The two articles have identified climate change as one of the outstanding challenges to the engineering profession. Natural disasters are linked to Earth’s climate, which has varied significantly over the years. Engineers have failed to fully exploit the knowledge of climate change, understand its impacts and interactions, and incorporate the knowledge in a sustainable system design. For successful planning and design, engineers must be able to assess the risks associated with the occurrence of natural disasters.
Various engineering failures have been caused by climate change challenges. Engineers should therefore learn from the engineering failures of the past and approach this challenge with sensitivity, especially to the complexity of the problem and the possibility for the unforeseen consequences. The Mississippi flood of 1993 and the Kobe earthquake, among other disasters, have necessitated increased creativity in engineering designs.
Engineers need to open up and anticipate scenarios that go beyond the ones prescribed in design codes and regulations. Engineering solutions should be part of disaster control and damage reduction management. This calls for interdisciplinarity, where engineers work together with natural, social and political scientists in order to make informed decisions in planning and design. Performance-based design, in addition to a combination of structural and nonstructural engineering solutions, should be considered.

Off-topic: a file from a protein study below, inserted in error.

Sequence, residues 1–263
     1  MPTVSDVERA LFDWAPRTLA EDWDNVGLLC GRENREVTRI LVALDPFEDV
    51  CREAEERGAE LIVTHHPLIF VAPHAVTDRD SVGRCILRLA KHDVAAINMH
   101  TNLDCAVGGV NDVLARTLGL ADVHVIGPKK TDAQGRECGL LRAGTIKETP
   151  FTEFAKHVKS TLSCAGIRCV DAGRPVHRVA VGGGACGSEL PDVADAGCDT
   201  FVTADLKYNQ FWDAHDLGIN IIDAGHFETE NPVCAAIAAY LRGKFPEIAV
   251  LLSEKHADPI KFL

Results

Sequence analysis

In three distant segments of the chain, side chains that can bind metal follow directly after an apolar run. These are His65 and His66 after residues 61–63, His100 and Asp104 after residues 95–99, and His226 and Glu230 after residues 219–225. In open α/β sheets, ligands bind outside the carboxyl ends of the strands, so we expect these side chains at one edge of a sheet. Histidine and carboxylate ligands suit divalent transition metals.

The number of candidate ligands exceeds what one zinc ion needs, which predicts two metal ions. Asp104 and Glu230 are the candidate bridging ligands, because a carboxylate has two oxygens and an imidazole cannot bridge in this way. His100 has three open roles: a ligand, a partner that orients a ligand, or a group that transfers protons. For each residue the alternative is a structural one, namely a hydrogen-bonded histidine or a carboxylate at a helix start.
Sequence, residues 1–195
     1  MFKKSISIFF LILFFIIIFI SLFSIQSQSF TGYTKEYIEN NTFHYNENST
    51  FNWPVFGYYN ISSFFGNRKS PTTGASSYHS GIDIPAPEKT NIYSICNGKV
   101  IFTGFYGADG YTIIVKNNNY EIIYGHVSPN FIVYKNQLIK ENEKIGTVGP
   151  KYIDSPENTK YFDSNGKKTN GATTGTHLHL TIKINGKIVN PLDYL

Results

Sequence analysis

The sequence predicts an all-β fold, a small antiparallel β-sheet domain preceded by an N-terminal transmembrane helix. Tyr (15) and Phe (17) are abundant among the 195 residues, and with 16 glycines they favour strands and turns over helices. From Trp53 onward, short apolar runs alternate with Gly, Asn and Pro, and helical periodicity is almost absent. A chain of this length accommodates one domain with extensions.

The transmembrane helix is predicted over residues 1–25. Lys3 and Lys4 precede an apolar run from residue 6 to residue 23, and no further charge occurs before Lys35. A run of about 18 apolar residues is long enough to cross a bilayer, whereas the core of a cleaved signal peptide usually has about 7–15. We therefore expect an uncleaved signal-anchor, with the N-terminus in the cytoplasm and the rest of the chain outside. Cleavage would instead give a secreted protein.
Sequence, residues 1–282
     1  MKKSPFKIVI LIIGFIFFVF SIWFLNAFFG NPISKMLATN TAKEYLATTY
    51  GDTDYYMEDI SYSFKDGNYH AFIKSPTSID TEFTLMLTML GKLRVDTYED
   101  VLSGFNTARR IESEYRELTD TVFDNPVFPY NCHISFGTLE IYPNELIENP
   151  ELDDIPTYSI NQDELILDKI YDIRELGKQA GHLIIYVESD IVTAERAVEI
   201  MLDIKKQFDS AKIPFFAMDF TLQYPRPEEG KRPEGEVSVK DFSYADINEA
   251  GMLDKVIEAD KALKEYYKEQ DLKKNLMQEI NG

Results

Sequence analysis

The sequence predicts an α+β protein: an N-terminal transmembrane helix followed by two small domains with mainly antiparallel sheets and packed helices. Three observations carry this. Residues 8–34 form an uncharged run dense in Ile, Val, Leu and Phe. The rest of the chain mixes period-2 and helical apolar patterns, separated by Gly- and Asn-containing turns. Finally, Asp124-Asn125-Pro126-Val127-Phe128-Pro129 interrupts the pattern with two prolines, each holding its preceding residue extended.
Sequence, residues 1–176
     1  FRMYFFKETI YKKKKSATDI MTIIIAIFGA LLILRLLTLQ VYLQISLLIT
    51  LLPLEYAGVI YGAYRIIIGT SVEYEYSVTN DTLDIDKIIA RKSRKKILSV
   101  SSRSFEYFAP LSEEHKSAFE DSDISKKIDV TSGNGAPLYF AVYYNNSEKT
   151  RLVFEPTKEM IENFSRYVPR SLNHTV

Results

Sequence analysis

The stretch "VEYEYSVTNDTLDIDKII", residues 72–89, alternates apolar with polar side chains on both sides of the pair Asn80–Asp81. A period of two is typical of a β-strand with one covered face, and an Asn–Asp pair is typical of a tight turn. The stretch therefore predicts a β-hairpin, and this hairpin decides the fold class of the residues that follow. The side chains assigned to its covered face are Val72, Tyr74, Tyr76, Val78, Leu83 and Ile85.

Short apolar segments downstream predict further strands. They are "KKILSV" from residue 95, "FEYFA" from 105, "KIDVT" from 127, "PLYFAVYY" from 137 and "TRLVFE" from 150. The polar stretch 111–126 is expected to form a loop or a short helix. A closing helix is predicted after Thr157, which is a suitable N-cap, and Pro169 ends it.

Climate change is characterized by uncertainties, thus, engineers need to employ and adapt the decision-making lessons under uncertainty, in different domains. Desirable solutions are adaptable and such solutions are accompanied by intelligent monitoring and control. Engineers should therefore relate climate problem to the safety-critical situations that they have handled for many years. From disastrous engineering failures, engineers have learned the importance of adaptively managing an evolving situation and how to manage the risks. This should be the case with respect to climate change.
Barros, A.P., and Evans, J.L. “Designing for Climate Variability.” Journal of Professional Issues in Engineering Education and Practice, 1997.
Hall, J., and Pidgeon, N. “A systems view of climate change.” Civil Engineering and Environmental Systems, 27(3), 2010:243–253.